This week I sat down and enjoyed another Satoshi Kon title I previously haven’t seen, Tokyo Godfathers. As I find true with other Kon titles, this movie doesn’t disappoint. In an interview in the extras, Satoshi Kon said that anime is more than just cute girls. He also said, and this is probably why I love his work so much, that more artists need to come forward with their unique stories. In an interview, he was questioned about the film starring homeless characters, which seems to have no target audience for marketing.
Synopsis- On Christmas Eve, 3 homeless friends with a rather love/hate relationship discover a baby abandoned in the garbage. The cast of characters includes; Gin, a middle-aged man, Miyuki, a high school run away and Hana, a drag queen. After a brief debate, the group decides they are going to keep the baby with them for the night and take it to the police the next morning. The next morning a series of events delays their trip to the police station. Over the course of the next several days each of the characters are confronted with the reality of their situation and get a chance to make up for previous mistakes to a certain extent while learning even more about their own inner being.
Review- Tokyo Godfathers had a great amount of fans when it first came out in 2003 and to this day it deserves every ounce of the praise. The film has a very unique perspective, as we are following homeless people during the holidays. This is very much a Christmas movie, Christmas decorations through the environments and music play throughout the film. The holiday and homeless characters really set up a scenario where you are almost instantly sympathetic for the characters, and as the story progresses you hear each characters scenario of how they ended up homeless.
*POTENTIAL SPOILER* Some of the stories the characters portray as events that lead to there homelessness are fabricated. As more events unfold, it starts to strip away the defensive facade of the characters and they open themselves up as to the true reason why they are on the streets. Their humanistic flaws that took them down a path they didn’t envision for themselves.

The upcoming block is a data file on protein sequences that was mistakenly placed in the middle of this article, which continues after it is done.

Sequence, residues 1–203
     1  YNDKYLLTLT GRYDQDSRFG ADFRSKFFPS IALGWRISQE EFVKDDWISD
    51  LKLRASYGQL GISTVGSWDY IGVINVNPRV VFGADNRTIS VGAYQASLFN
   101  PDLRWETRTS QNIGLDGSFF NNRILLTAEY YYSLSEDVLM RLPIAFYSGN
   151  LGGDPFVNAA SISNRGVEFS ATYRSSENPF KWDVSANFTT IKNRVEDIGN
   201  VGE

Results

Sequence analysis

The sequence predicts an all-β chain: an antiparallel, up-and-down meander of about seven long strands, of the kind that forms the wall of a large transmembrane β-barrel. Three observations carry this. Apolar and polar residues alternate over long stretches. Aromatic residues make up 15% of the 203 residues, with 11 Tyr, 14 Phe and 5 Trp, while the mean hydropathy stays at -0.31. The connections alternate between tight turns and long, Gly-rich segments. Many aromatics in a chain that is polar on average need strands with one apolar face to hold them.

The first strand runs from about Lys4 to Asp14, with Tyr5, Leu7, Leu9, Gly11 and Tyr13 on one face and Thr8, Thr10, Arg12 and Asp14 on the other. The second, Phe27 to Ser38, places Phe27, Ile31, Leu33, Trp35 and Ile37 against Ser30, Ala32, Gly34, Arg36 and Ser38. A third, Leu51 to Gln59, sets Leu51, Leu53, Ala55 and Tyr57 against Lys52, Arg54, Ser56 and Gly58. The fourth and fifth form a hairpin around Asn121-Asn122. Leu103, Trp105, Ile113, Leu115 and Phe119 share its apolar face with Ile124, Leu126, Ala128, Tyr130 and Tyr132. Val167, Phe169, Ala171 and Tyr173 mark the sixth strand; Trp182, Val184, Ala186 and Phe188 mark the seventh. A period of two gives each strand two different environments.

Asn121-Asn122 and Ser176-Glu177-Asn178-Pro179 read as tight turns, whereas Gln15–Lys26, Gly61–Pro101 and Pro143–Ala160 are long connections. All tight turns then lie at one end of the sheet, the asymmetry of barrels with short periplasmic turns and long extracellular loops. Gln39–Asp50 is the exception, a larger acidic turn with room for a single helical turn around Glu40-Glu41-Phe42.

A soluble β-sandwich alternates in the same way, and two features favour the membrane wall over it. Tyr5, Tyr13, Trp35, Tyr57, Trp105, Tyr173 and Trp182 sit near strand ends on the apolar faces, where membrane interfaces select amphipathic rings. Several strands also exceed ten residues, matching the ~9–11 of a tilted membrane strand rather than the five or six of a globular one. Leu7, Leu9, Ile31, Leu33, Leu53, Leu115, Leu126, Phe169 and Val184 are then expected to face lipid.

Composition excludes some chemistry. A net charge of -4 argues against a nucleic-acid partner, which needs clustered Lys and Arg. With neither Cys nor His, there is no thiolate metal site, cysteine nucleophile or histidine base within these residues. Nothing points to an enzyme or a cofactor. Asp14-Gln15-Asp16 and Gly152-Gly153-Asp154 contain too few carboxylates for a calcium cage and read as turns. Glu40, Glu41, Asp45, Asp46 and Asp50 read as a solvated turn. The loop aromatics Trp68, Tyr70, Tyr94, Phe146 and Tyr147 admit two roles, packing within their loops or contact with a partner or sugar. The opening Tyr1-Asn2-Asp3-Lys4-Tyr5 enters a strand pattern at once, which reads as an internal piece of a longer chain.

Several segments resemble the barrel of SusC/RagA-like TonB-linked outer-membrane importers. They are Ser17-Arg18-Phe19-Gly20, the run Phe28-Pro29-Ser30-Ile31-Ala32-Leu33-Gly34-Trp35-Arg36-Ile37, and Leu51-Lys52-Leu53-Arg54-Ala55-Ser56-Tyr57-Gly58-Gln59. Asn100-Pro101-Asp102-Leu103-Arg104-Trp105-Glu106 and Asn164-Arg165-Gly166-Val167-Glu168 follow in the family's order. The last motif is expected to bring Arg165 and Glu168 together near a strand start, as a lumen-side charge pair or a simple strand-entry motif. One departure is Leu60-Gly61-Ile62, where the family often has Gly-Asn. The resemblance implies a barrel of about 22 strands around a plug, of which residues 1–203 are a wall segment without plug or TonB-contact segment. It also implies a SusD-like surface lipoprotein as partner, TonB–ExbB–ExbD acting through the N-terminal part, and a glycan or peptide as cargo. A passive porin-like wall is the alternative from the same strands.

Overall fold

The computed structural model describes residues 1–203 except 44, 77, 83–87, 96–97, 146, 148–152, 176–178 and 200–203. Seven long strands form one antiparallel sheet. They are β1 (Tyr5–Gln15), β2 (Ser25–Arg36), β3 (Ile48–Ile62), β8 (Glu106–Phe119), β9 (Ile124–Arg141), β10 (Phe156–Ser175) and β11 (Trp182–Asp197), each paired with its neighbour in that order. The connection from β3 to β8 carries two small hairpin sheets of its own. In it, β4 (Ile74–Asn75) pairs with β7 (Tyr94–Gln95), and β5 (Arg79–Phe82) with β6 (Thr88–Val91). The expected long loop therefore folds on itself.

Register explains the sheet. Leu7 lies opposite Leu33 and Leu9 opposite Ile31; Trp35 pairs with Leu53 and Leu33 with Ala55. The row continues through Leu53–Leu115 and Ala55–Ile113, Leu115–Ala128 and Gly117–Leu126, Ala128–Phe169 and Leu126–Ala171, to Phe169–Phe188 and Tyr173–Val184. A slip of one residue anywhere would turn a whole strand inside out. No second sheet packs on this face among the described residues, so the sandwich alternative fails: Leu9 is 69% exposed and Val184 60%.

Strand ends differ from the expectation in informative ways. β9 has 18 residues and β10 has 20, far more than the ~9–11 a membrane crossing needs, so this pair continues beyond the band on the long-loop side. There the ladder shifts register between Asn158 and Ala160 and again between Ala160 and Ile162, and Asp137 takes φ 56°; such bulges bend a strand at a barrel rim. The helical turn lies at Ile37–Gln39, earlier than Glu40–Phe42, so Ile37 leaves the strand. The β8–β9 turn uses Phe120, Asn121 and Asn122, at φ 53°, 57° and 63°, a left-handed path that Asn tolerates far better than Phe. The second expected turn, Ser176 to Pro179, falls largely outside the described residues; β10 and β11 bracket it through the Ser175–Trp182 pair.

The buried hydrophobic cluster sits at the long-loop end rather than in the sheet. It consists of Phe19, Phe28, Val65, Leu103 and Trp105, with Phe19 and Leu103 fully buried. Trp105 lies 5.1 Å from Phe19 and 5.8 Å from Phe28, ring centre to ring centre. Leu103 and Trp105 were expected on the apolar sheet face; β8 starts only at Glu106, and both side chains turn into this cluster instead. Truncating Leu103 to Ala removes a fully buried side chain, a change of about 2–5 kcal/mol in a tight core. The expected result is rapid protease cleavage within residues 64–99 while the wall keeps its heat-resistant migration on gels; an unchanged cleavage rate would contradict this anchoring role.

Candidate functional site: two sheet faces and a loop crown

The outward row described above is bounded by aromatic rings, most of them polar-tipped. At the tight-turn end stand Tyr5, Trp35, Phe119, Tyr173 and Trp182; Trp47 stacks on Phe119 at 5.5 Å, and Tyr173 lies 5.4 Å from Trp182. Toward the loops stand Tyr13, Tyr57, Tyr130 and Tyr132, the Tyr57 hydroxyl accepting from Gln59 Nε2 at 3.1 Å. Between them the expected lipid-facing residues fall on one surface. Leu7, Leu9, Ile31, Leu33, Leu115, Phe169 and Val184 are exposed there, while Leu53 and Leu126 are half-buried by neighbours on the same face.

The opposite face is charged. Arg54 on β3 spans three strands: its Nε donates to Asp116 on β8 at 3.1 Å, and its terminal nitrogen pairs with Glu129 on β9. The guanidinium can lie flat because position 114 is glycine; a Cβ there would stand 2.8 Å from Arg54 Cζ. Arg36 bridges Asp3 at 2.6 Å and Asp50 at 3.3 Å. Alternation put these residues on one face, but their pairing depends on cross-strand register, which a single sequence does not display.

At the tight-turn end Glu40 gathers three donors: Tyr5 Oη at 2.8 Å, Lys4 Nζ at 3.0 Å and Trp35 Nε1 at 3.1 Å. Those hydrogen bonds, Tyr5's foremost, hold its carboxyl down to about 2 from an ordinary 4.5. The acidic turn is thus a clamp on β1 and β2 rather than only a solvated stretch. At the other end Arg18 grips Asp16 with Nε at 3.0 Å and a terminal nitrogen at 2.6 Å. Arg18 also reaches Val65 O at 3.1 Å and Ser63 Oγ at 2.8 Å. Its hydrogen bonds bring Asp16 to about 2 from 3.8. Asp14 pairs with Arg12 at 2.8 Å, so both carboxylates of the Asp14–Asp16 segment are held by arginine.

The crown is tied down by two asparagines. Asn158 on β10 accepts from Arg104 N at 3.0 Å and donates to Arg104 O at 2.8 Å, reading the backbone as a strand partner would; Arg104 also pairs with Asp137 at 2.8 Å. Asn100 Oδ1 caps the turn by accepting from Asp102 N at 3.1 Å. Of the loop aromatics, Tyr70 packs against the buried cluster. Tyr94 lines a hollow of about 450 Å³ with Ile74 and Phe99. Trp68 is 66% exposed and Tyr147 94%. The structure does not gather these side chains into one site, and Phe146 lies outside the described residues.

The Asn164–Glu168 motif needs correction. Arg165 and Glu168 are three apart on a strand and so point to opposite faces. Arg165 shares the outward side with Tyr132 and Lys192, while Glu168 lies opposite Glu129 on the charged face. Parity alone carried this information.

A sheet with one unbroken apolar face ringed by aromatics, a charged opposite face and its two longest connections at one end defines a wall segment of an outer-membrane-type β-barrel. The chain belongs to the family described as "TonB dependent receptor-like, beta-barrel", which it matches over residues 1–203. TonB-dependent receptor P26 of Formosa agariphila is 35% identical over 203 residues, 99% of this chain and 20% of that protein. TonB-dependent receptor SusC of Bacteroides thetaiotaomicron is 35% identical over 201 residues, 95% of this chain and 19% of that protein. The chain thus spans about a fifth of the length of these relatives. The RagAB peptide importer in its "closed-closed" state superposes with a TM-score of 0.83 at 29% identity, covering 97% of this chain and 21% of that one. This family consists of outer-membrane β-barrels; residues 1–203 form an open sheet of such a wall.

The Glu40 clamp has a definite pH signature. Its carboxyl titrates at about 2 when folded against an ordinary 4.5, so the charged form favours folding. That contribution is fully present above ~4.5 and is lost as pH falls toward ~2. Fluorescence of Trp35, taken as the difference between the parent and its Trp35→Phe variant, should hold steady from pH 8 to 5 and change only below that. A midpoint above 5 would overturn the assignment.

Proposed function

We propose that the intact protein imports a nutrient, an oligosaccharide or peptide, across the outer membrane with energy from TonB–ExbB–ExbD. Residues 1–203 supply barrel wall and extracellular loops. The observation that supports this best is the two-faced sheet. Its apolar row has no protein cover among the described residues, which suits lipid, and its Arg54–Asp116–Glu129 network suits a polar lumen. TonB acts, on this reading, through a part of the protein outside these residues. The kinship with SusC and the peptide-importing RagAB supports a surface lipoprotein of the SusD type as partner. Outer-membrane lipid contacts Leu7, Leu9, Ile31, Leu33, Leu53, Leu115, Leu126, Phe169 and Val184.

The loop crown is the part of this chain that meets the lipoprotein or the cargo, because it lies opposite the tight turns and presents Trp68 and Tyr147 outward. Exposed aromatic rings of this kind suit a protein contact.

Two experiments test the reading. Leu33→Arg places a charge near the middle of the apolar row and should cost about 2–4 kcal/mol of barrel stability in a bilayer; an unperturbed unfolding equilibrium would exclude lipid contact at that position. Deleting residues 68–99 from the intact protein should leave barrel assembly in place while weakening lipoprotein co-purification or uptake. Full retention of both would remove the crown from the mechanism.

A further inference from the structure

Tokyo Godfathers is officially added to the films I am going to watch every holiday season. It fits into that Christmas miracle film class with a nice side of comedy that doesn’t feel forced, it’s actually a really nice complement.
Overall the film comes together nicely and doesn’t have anything that seems out of place that takes the rest of the film down, like bad music or CGI for instance. This film is a true example of character development. Seeing the characters evolve over the films 90 minutes is truly a work of art.
Production Quality- Tokyo Godfathers was animated by the well-known Studio Mad House. In the opening of the film we see several night time shots of Tokyo and the environments are beautiful. The characters relationships with each other result in some very well exaggerated reaction shots from characters as they argue with each other. Overall a very well balanced approach to the Christmas miracle story with some great comedy.
Since Tokyo Godfathers was an early 2000’s film it does have it’s experimental CGI. There are sequences in the last half of the film that have CGI backgrounds, but they are mostly assigned to the shots of character chases. The CGI is much better than other examples of the period.
Having praised the CGI in the film, there are layer 2D shots that really feel wide and expansive. There is one shot in particular where the camera pans down from the sky to the street level in a park, and the depth of the surrounding trees and skyscrapers is amazing.
Music- A nice holiday sound track with some really festive tracks and some also quirky tracks to fit the film during the comedic scenes.
Dub Quality- I watched the subtitled version.
Extras- There are some trailers on as well as a “Making Of” chapter that lasts just under 25 minutes, most likely a special aired on TV in Japan to get viewers to the theater. It covers interviewing the voice actors, animation production, music composition and also an interview with Satoshi Kon. I enjoy specials like these, as it gives you an in depth look as to how it was made and you can also hear from the crew and their experiences. I wish more DVDs and series had these included, but know not all have them made.